Back in the UK; way back in the UK!

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“I’d like to apologise for the large volume of customers choosing to travel with us today”, announced the tinny voice from the train’s public address system.

I shrank into my seat, shaking my head at the irony and illumination within such a short address. This class announcement, mis-spoken or not, was the highlight of a recent trip on a commuter train into Manchester. It sums up the problems with British public transport quite neatly.

Never believe that there is a shortage of rail commuters, despite the urgings of the Green lobby for us all to make that our preferred means of transport. Quite the contrary, rail-commuters are out there in sweaty, germ-friendly abundance.

What there is, is a shortage of trains; or at least carriages linked-up to moving trains. You know carriages with bum-seeking-seats.

The commuting habits of the British public will not change until the rail companies accept that over-utilisation is a good thing only in their spreadsheets, and even then only when judged by the narrow-minded metric of the profit-margin.

Nothing is guaranteed to deter the prospective rail commuter more than the typical early morning rail experience and it’s worth remembering that today’s prospective rail commuters are the passengers of tomorrow; or more likely they aren’t.

Assuming its a Monday our commute begins with a wait in a 15 metre queue whilst the single on-duty ticket officer deals with an assortment of rail card renewals and route queries. In the absence of an automated alternative you stand, clock-watching and stressing until it’s your turn to pay.

Relieved when all you want is a return ticket the ticket-officer quickly completes the transaction. You are left to reflect that at least queueing has kept you in the warm and passed most of the time until the now delayed train arrives.

Arriving 5-minutes late, miraculously conforming to some complex average trip time formula that fails to impact on the rail-operators’ subsidy, the train comprises four carriages.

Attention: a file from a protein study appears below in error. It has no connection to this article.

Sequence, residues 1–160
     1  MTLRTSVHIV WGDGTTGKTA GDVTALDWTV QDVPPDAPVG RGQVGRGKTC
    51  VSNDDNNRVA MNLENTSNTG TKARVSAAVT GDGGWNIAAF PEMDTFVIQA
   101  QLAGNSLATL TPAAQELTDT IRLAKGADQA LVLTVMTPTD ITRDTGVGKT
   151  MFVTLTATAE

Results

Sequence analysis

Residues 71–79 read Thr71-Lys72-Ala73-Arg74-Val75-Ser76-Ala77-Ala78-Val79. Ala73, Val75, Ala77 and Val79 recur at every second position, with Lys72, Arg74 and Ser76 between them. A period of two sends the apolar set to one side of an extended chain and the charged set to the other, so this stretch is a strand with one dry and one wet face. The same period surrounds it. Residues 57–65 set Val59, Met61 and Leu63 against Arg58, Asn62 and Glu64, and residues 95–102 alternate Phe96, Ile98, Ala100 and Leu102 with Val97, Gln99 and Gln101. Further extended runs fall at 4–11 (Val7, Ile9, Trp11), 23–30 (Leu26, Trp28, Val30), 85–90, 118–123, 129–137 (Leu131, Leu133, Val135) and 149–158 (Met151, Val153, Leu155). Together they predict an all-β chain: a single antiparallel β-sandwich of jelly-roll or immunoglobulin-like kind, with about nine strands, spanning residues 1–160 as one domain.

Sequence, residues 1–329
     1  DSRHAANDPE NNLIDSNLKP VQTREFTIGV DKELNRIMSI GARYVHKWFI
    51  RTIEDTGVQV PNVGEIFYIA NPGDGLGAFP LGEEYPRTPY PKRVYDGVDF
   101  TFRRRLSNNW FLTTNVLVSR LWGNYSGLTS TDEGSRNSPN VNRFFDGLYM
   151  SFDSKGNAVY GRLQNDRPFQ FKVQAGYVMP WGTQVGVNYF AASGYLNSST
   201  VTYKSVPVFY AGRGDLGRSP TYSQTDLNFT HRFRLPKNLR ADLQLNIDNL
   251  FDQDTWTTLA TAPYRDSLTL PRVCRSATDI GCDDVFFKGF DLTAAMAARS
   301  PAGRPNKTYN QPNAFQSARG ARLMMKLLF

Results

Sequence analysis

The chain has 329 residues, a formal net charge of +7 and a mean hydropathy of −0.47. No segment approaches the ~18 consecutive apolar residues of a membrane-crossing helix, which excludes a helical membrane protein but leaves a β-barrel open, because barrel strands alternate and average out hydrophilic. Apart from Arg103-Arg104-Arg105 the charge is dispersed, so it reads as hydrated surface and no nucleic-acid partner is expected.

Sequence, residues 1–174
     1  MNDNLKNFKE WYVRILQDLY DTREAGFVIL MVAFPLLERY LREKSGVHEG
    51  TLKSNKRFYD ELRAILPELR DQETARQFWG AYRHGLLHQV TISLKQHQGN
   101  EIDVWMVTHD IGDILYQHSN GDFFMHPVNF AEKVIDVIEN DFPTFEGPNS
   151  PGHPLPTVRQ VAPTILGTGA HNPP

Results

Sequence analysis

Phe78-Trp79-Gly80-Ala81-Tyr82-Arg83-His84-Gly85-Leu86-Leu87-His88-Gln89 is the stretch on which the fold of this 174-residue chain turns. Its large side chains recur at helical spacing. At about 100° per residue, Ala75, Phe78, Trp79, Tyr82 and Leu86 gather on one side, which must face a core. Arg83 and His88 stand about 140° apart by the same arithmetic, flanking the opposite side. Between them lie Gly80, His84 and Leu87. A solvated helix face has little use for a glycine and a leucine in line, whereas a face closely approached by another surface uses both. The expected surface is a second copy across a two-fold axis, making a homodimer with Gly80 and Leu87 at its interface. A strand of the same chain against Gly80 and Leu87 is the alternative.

Having squeezed-on and grabbed the last remaining seat – the one by the toilet, yes – you are then free to complete your journey in an overheated carriage under the meerkat like scrutiny of those unfortunate enough to have to stand for the whole of the 45-minute journey.

It is not a comfortable time; physically or mentally.

After two more stops the aisles are completely full and people are rapidly becoming more intimately acquainted in the boarding areas by the doors as people attempt to shoe-horn themselves in whilst grumblng about other people not moving down the already crammed aisles.

It was at this point that the aforementioned announcement crackled out of the speakers. Whilst seemingly an apology, it was clear who it felt was to blame; why all those people who wanted to get onto the train; the customers.

I’ve no idea how much more it would cost to run a 6- or 8-carriage train at peak-times; or the logistical dilemma that it poses. I just know that it makes sense to do it.

What the safety legislation must say about the kind of over-crowding allowed on these trains I cannot imagine. Whatever it is it either comes from the school of the Barking Mad, or is completely ignored. And whilst this train – from Preston to Manchester – was uncomfortably packed, it was no where near as bad as some I’ve been on leaving Lime Street Station in Liverpool.

So, in addition to passenger comfort (and I’m not talking of indian head massages or anything, just a seat) there’s also safety to consider.

Without pressure from the consumer and the government it is unlikely that this crazy situation will change.

And it’s no use shaking our heads at programmes showing passengers seated-on or clinging-to train rooves in the sub-continent. Only the British weather and the necessity for glazed windows, leading to a consequent absence of footholds, prevents such scenarios from occurring regularly on the 7:15 from Chorley to Manchester Piccadilly. Although those slippy leather-soled shoes from BHS, coupled with Darwinian natural-selection may also have played a part in keeping British trains clinger-free.

So, now is the time to unite and demand more carriages, a seat for all.

Write your MP ( and your rail-carrier. Or send them an email link to this post if you must; but most of all let them know.

Let them know, sitters, standers and clingers-on; We won’t stand for not sitting anymore!


Anyone up for a boycott public transport day? Let’s all drive to work. If that doesn’t bring the country to a halt, nothing will.